Blood covered me as my colleague plunged a knife into my chest, my arms outstretched to resist. A friend looked on, and my screams echoed in my brain. My wife gently shook me murmuring, “You had another nightmare.” I lay in bed, my thumping heart and rapid breathing gradually easing, the sheets damp, overwhelmed with despair.
Each night for several weeks sleep was elusive. Apprehensive about the night, I felt a claustrophobic pool of ink spread over my consciousness. This psychic pain was invisible to most, even my wife and family. Desperately unhappy at work, after 32 years I was unable to imagine a life other than as an academic physician.
My symptoms and their origin stories were myriad. Quick to anger, I frequently erupted in a righteous rage on behalf of a perceived slight to one of my patients. Anxiety overcame me as I approached clinic each week: would I miss something and fail my patients? I had feelings of PTSD from the early AIDS era when virtually all of my patients died despite my best efforts. After all the advances since then, frustration arose when patients didn’t take their HIV medications.
With growing grandiosity in what I could accomplish, I had driven myself at work. First in North Carolina then in Africa. Solve AIDS, no problem. Stop mother to child transmission in Malawi. Why not?
Working harder and harder, I juggled four grants, directed the fellowship program, and took care of patients almost frantically to block the pain. During the Ebola epidemic, in quick succession I dropped my clinic, gave my grants to junior colleagues and created a team of researchers to work in Liberia. When asked by two people about the manic aspects of my behavior, I reassured them that all was well.
Underlying the anger, anxiety, frustration, and grandiosity was depression, hopelessness, and helplessness. I self-medicated in good ways and bad. By working out daily, swimming and running, I kept my pulse up and endorphins flowing, albeit temporarily. Drinking more than two glasses of wine, a known depressant, each night with dinner became a regular habit, exacerbating my symptoms. Tears came easily.
As is often the case for professionals, I kept silent about my thoughts. That and my constant joking kept others at bay and unaware. As I continued feeling helpless, trapped in my job and not seeing a way out, my thoughts turned from occasional suicidal ideation to making concrete plans. At first, I stopped wearing a seatbelt. Then my mind began drifting to taking the elevator to the sixth floor of the hospital and jumping to the plaza below.
An estimated 300 to 400 physicians die by suicide in the U.S. each year, a higher rate than the general population for both males and females. Somehow I avoided joining that number. In my rearview mirror, thinking of my daughters helped me look up and begin the move away from my inner torment. I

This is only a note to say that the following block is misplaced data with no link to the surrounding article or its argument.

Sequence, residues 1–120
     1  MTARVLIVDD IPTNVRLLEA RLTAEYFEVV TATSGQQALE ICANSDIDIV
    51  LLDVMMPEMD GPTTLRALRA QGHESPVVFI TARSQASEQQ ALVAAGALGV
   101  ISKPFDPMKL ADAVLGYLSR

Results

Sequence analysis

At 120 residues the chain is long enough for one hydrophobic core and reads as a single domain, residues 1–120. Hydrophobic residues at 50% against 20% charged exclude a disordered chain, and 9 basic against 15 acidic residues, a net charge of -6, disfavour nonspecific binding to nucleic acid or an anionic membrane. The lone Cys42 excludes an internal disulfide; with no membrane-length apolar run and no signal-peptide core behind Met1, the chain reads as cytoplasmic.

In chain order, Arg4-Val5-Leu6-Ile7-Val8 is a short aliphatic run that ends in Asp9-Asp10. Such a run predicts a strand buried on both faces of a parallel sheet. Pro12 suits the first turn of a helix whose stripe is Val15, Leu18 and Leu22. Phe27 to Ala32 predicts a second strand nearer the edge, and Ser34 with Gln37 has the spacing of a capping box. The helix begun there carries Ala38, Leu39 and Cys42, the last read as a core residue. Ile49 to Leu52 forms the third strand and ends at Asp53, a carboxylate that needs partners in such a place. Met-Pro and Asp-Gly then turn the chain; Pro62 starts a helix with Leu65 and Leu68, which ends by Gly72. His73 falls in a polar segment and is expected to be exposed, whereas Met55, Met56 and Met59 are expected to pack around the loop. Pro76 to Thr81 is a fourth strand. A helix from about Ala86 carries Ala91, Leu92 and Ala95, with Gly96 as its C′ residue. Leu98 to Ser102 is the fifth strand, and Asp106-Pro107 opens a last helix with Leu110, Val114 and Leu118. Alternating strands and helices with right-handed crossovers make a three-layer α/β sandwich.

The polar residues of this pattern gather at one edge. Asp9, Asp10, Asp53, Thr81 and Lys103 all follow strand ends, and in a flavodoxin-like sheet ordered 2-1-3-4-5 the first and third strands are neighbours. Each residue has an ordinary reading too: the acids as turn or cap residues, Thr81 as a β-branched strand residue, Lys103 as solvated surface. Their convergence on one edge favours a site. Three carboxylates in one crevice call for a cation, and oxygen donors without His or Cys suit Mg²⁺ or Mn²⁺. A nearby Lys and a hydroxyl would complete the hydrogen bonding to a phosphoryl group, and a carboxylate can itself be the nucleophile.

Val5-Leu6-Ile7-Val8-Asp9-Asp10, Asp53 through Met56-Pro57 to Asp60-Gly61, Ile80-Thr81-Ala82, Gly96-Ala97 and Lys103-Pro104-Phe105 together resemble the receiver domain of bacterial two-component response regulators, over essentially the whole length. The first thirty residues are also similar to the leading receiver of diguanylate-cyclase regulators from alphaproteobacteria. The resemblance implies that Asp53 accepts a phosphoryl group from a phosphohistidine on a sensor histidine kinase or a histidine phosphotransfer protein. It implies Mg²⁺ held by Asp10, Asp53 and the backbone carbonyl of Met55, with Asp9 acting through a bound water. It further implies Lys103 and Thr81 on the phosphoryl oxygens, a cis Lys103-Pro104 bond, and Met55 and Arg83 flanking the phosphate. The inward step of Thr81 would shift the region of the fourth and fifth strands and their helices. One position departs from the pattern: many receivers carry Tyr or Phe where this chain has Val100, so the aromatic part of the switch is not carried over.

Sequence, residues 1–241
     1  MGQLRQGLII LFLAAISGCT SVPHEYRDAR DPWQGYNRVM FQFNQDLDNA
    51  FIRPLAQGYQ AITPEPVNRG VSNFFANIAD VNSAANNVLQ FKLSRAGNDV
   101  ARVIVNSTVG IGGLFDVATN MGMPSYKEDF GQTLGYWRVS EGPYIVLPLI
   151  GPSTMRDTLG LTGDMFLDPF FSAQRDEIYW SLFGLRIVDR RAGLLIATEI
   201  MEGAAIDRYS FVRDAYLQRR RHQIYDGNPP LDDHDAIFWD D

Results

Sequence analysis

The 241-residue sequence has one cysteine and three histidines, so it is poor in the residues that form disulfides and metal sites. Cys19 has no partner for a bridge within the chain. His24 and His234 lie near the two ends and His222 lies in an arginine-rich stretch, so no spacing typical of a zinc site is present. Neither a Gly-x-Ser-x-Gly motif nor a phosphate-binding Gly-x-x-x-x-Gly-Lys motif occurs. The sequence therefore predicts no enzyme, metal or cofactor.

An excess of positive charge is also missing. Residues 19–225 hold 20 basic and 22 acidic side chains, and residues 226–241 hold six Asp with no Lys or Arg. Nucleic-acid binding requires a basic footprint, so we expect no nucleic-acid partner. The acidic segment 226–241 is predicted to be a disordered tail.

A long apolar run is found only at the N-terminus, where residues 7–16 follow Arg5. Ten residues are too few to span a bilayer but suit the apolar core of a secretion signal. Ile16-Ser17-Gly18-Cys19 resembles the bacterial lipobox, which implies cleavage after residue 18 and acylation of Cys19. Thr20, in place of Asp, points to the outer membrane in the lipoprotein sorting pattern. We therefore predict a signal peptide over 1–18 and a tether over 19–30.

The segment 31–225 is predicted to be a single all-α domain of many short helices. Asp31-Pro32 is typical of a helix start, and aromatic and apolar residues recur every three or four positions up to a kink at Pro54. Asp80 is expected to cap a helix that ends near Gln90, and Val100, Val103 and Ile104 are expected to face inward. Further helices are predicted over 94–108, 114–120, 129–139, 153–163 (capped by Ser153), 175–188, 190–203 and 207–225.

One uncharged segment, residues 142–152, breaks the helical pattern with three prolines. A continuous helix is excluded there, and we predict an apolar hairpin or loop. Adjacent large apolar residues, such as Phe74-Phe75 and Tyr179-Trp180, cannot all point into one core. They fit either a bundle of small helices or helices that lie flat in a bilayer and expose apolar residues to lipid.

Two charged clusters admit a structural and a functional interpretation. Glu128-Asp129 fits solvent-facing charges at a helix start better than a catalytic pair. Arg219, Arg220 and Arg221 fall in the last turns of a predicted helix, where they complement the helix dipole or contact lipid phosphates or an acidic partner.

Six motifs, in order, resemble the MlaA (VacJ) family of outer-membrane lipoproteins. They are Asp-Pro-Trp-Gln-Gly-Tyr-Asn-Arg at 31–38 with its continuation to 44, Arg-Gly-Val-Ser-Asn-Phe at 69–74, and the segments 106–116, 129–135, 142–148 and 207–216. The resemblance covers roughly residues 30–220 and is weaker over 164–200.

told my wife and close friends and sought help. As a medical faculty member, I had excellent insurance, providing coverage for talk therapy and a prescription antidepressant. I had the contacts to find the right psychiatrist for me. I had the money to pay for what the insurance did not cover. Because my angry outbursts affected my workplace, the Department of Medicine paid for an anger management course and an excellent book, “When Anger Hurts.” I was otherwise healthy so did not have to deal with other conditions that can complicate the treatment of depression. And I had a wife, two daughters, and close friends who quickly encircled me with a protective and patient healing love.
By the end of the anger management course and final chapter of the accompanying book, I realized that leaving my job as an academic physician was a key part of my recovery. Although it is easy to write about this decision now, three years ago I could not conceive of it. For me, my work and all it encompassed, research, patient care, and teaching, defined me as a human being. A rather narrow view of self, but it was my reality. Without the crisis of hitting rock bottom, I do not think I would have had the courage to leave.
By participating in talk therapy, taking a daily medication, exercising daily, cutting back on alcohol, restructuring my debt so that I could easily leave work, taking a course on mindfulness to slow down and become more aware of the natural rhythms of the world and yet less driven, my symptoms dissipated. Was I cured? Not by any measure. I still have good days and bad. But I have become less driven to always be busy or happy. I have become comfortable with my uncomfortableness.
Charles van der Horst, M.D., is an emeritus professor of medicine at UNC and a global health consultant. Follow him on Twitter @chasvanderhorst
Resources mentioned in the column
American Foundation for Suicide prevention https://afsp.org/our-work/education/physician-medical-student-depression-suicide-prevention/ Resources for prevention of suicide for physicians and residents.
National Association for Mental Illness NAMI https://www.nami.org/Find-Support/Living-with-a-Mental-Health-Condition/Finding-a-Mental-Health-Professional Information on getting help with a crisis hotline as well
How to find a therapist https://www.nytimes.com/2017/07/17/smarter-living/how-to-find-the-right-therapist.html?_r=0
UCSD Anger Management Course for Health Care Professionals http://www.paceprogram.ucsd.edu/CPD/anger.aspx